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Proteome Software Says Two -- or Three -- Protein Search Engines Are Better than One

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This article has been updated from a previous version, which incorrectly identified the manufacturer of Geneva Bioinformatics' Phenyx software.

Proteome Software, a Portland, Ore.-based bioinformatics startup, is hoping potential customers share its belief that you can't have too much of a good thing when it comes to proteomics search engines.

The firm's first product, Scaffold, compares results from multiple mass spec search tools to calculate a probability score that gives researchers more confidence in their protein identifications. First, Scaffold takes as input data from Matrix Science's Mascot software and Thermo's Sequest software, and compares them to each other or to X! Tandem, an open source protein search algorithm that comes as part of the package.

In addition, Proteome Software has implemented its own version of the Institute for Systems Biology's Peptide Prophet and Protein Prophet statistical algorithms within Scaffold to assign probabilities to the results from each search engine, as well as the combined results, to provide an overall probability score for each of the proteins identified.

"The biggest thing that you're going to run into with these types of searches is a lack of confidence in the actual identification," said Mark Pitman, sales and marketing director at Proteome Software. "There are a lot of false positives generated by any one of them alone. So the biggest hurdle that you're going to face is trying to say, "Okay, I have these proteins listed from Sequest, but how many of them are really there?"


"The biggest thing that you're going to run into with these types of searches is a lack of confidence in the actual identification,"

As proof of the uncertainty of using any one method alone, Proteome Software used its approach to compare a control sample of 10 known proteins using Sequest, Mascot, and X! Tandem. Only 34 percent of the total peptides were identified by all three programs, a finding that was "actually a lot less than we had assumed," Pitman said. In addition, 9 percent of the peptides were identified only by Sequest, 7 percent only by Mascot, and 19 percent only by X! Tandem.

With Scaffold, Pitman said, "You can actually get a really good idea of whether a protein is there. If it's highly scored by three different algorithms, you can be fairly confident that that protein was actually in that mix." On the other hand, he said, "If any one of them identified it just by itself, you might want to dig a little bit deeper, take a look at the fragmentation of that spectra, and say, 'Okay, does that make sense from a chemistry basis that that would actually look like that if it split up inside of a mass spectrometer?'"

Scaffold also provides data-visualization and data-management capabilities, Pitman said, allowing researchers to compare proteins from several samples and store data from multiple experiments in a single file format.

Pitman stressed that Proteome Software considers Scaffold to be an add-on to current protein search engines like Sequest and Mascot, and not a competing product. "One of the big things that we wanted to do at the outset was not be a competitor to them," he said. "They already have their field, and almost everybody is going to have one or the other of those in their lab already."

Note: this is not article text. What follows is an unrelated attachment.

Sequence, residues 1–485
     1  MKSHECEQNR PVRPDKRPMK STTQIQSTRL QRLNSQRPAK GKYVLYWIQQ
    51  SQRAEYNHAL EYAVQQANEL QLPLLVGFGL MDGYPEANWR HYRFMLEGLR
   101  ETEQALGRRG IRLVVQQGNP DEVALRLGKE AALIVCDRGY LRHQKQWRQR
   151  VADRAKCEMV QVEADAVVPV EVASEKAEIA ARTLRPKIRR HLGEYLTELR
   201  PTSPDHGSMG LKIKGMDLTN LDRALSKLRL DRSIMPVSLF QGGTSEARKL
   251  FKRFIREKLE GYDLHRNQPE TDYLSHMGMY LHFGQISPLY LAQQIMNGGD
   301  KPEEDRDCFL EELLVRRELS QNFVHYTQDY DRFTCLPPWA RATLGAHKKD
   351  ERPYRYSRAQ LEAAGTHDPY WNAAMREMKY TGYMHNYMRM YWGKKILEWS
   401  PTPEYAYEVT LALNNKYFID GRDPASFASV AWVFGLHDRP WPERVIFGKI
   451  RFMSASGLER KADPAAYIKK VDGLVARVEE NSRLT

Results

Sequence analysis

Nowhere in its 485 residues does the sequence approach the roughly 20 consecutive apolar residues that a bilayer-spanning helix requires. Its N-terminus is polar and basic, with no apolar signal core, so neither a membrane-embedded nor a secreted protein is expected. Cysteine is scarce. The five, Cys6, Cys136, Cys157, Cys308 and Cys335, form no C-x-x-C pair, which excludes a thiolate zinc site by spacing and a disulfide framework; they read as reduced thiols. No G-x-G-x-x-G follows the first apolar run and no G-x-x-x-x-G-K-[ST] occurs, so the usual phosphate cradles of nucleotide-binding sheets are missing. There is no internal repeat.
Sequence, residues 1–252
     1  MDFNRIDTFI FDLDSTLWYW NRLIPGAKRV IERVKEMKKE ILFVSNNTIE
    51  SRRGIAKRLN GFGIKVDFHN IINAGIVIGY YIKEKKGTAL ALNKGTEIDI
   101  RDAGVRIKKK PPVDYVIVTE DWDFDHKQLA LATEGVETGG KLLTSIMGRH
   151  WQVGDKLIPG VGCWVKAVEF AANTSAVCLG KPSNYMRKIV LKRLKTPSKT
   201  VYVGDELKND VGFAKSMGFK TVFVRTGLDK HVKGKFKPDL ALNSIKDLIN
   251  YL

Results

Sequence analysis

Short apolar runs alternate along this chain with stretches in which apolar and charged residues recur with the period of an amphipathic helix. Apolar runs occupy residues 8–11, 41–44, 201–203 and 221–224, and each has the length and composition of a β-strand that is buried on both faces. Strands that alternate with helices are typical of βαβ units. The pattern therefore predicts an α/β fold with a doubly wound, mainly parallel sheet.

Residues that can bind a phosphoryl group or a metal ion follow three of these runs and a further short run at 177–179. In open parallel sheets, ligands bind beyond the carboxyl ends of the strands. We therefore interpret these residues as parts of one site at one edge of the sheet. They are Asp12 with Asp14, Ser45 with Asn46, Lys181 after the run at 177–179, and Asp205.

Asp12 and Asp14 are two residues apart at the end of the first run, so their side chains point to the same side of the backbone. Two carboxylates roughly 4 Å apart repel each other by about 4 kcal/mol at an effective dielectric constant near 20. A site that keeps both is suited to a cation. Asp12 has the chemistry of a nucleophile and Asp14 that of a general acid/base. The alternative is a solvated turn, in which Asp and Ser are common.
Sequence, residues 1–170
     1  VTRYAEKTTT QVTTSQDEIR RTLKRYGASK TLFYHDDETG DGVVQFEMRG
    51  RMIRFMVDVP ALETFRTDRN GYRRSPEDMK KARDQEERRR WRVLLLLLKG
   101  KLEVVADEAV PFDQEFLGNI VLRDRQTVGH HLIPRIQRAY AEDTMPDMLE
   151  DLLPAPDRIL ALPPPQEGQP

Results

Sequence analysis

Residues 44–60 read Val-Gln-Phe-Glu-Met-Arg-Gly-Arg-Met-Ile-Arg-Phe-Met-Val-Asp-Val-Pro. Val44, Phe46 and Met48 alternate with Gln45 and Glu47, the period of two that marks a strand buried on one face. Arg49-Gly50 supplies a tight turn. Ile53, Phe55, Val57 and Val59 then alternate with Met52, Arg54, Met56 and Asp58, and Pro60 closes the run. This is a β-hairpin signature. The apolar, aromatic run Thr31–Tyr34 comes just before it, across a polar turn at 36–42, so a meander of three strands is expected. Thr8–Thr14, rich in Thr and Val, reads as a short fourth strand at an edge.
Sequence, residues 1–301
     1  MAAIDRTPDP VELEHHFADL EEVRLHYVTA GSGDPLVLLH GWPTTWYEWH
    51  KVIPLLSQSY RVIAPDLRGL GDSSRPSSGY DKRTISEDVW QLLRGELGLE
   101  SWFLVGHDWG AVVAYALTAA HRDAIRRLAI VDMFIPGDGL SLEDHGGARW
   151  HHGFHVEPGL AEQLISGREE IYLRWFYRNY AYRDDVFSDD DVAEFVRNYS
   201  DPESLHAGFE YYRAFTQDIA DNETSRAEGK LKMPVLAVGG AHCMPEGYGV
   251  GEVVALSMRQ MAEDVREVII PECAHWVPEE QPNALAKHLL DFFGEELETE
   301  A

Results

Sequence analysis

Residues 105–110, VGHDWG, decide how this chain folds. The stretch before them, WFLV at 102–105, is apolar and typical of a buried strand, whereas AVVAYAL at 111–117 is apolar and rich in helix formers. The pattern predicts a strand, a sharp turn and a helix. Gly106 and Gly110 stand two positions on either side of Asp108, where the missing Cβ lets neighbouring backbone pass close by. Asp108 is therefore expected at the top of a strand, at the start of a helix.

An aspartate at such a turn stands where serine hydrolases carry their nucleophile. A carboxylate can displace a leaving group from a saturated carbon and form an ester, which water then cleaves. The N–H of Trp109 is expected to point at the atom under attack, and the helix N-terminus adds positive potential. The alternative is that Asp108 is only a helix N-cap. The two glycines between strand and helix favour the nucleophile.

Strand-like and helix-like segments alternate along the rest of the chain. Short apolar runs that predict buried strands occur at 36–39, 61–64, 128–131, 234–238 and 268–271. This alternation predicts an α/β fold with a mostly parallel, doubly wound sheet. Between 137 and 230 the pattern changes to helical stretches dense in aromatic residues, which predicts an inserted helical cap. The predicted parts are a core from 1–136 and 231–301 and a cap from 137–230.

Pitman said that the company is also working on adding support for other packages, such as Agilent's Spectrum Mill and ProteinLynx from Waters, to Scaffold.

The closest competition for the company may come from Bruker Daltonics' ProteinScape, a package it co-developed with proteomics firm Protagen that can integrate data from Mascot, Geneva Bioinformatics' Phenyx, and Genomic Solutions' ProFound. Pitman acknowledged that ProteinScape is "similar to what we're offering," but added, "They don't apply the same type of probabilities that we do to their search algorithm."

Proteome Software was founded last August by Mark Turner, Ashley McCormack, and Brian Searle — all researchers at the Clinical Genomics and Proteomics Program at Oregon Health & Science University. Pitman and another founder, James Brundage, joined the firm shortly afterwards.

Scaffold debuted at the American Society for Mass Spectrometry conference in San Antonio earlier this month, and Pitman said the feedback from attendees was very positive. "We talked to a lot of the target market we were going after," he said. In addition, "We were able to make some tentative alliances with some of the machine vendors. They wanted to take our software and promote it to their clients as another tool."

Pitman did not disclose which instrumentation vendors the company was in discussions with.

Proteome Software has seven beta-test sites for Scaffold so far — a mix of pharma and academic institutes, Pitman said — but no paying customers yet.

Scaffold is priced at $5,000 per seat for an academic license, and $6,000 per seat for a commercial license, with discounts available after five seats. Pitman said that the company is also considering site licensing and other models that might appeal to the core labs that it has identified as its most likely short-term customer base.

"One of the questions we would like to answer for ourselves is whether a biologist who is interested in proteomics but not necessarily a bioinformaticist themself, whether or not this would make sense to them, but we just don't have a data point on that," he said.

— Bernadette Toner ([email protected])

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